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Published: Thursday, 7/29/2004

Inbox spam may cause all of us to take a letter

There was a letter in my mailbox the other day. Yeah, there's a real stop-the-presses pronouncement.

A letter Who still writes those?

Well, Mel Mull does. The one he sent me touched on a variety of topics.

Local Democratics. Toledo Public Schools. TV programming.

And then he ended his letter thusly:

This is coming to you via snail mail because my e-mail has become totally useless.

I receive about 250 to 300 spam e-mails every day, even though I have a brand new computer with virus and spam blocker.

I just won't spend the time to slowly look for a nonspam e-mail in that forest of useless stuff.

At my office we were great fans of e-mail three or four years ago, but that was before the heavy onslaught of spam.

We've abandoned the use of e-mail because of spam and we've advised our clients not to send us any important messages via e-mail for fear that [they] might get lost among the e-mail promising sexual enhancements, weight loss, and on and on.

I read that and wondered if I'd just had a sudden whiff of the light, wafting fragrance of - sniff, sniff - a possible flowering trend.

Is it really coming to this? Are we turning full circle?

Is e-mail at risk of becoming more trouble than it's worth?

I called Mel Mull right away.

"E-mail is a perfectly wonderful thing, as intended," he told me.

"But it's lost a lot of its accuracy, and a lot of its charm."

An architect, Mr. Mull said he can't afford any business miscommunication.

You can send an e-mail, sure - but who knows if anyone on the receiving end got around to reading it?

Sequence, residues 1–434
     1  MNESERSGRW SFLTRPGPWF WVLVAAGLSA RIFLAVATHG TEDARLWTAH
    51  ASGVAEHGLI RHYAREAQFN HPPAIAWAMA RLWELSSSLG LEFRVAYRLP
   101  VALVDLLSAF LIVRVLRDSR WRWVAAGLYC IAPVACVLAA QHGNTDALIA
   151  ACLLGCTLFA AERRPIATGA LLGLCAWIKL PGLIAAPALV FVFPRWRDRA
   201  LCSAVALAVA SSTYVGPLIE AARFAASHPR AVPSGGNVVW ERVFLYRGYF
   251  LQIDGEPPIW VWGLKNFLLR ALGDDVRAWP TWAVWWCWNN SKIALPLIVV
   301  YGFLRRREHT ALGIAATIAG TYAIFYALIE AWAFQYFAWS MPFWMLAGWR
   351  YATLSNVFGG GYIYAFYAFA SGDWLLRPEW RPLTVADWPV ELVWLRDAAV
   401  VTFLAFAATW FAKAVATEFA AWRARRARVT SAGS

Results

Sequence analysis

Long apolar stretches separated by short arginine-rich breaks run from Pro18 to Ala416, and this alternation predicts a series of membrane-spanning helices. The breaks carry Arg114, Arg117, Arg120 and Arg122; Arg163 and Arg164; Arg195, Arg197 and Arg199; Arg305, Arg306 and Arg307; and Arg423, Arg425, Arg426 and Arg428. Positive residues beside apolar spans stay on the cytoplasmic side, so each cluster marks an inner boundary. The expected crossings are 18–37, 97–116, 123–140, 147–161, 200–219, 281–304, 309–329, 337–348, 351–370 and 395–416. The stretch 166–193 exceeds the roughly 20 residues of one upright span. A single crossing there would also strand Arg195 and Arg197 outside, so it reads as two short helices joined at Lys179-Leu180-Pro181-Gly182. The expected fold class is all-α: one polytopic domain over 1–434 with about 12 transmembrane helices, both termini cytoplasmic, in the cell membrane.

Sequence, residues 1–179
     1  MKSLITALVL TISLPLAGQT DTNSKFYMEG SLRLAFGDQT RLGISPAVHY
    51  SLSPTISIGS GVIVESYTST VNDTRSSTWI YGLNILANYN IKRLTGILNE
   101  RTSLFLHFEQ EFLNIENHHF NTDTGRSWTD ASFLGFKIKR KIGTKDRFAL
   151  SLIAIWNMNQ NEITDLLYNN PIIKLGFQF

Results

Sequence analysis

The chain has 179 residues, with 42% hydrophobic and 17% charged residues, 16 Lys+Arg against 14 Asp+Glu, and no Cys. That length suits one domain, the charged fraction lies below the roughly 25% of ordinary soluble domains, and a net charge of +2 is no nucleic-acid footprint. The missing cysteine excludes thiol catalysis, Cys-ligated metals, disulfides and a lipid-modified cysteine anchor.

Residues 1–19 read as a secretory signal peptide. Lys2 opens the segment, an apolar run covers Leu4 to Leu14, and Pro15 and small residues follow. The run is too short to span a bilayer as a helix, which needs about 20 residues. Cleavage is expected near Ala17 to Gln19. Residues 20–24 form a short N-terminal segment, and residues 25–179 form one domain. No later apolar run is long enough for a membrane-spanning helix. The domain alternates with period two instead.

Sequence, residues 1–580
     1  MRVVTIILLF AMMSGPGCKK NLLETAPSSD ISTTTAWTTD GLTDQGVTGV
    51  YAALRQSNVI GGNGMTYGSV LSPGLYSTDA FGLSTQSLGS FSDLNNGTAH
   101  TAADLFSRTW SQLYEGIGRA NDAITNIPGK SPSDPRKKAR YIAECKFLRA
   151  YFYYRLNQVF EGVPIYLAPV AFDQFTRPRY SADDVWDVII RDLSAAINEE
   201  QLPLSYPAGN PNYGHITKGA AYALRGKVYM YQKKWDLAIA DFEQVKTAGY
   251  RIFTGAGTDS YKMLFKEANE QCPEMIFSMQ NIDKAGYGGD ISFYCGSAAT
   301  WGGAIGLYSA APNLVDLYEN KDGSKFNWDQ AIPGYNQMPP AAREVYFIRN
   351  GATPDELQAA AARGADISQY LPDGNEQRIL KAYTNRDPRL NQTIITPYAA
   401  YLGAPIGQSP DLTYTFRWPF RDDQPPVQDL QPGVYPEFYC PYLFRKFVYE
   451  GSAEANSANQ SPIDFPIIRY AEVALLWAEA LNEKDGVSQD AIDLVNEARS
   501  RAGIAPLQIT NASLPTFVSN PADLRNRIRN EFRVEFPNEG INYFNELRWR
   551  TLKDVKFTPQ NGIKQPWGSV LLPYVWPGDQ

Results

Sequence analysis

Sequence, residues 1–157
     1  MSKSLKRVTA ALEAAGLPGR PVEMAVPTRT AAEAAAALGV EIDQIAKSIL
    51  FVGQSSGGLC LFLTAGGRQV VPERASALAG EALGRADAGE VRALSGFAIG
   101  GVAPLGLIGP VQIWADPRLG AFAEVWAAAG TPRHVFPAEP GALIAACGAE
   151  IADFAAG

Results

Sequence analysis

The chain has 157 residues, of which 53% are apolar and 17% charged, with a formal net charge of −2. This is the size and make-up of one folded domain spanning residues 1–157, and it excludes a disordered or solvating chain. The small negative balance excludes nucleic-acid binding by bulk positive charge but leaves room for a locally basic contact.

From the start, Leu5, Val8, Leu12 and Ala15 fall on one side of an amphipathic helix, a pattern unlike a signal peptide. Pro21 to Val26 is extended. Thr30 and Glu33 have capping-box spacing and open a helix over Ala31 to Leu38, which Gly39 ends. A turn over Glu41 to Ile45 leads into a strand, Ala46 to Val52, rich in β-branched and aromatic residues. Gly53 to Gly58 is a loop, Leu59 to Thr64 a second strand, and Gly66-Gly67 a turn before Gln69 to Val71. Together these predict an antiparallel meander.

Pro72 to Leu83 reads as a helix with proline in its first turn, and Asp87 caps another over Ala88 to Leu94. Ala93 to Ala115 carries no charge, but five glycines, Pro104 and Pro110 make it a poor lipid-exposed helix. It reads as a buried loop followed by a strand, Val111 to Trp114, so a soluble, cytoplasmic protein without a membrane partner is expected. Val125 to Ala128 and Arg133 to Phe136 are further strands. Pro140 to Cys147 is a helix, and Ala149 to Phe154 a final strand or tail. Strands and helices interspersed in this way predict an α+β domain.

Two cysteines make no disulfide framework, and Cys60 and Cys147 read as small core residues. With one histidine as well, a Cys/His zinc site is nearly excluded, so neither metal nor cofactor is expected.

Maybe the recipient suffers from the same e-mail burden Mr. Mull says he once labored under, where going through the inbox could easily eat up waaaay too much of the morning?

These days, the architect said, "we send instructions to our clients and to contractors, but we use a fax. And with a fax, we get an activity report. We know that fax was received."

So far, no clients object.

"They understand the importance of a record," said Mr. Mull. "It's a great way to avoid lawsuits. And, of course, everyone's memory favors their point of view. 'I called you.' 'No, you didn't call me.' E-mail is unreliable from a record-keeping standpoint."

Then Mr. Mull was kind enough to say he was glad I was back in the newspaper again, after a two-week absence that left him wondering if I was all right.

"Oh, I was just on vacation," I reassured him.

"Good," he said. "You know, I sent you a few e-mails, asking if everything was OK."

"You did? Gee, I'm really sorry, but - um - apparently, I haven't gotten to them yet."

Which, now that I think of it, just goes to prove Mr. Mull's point.

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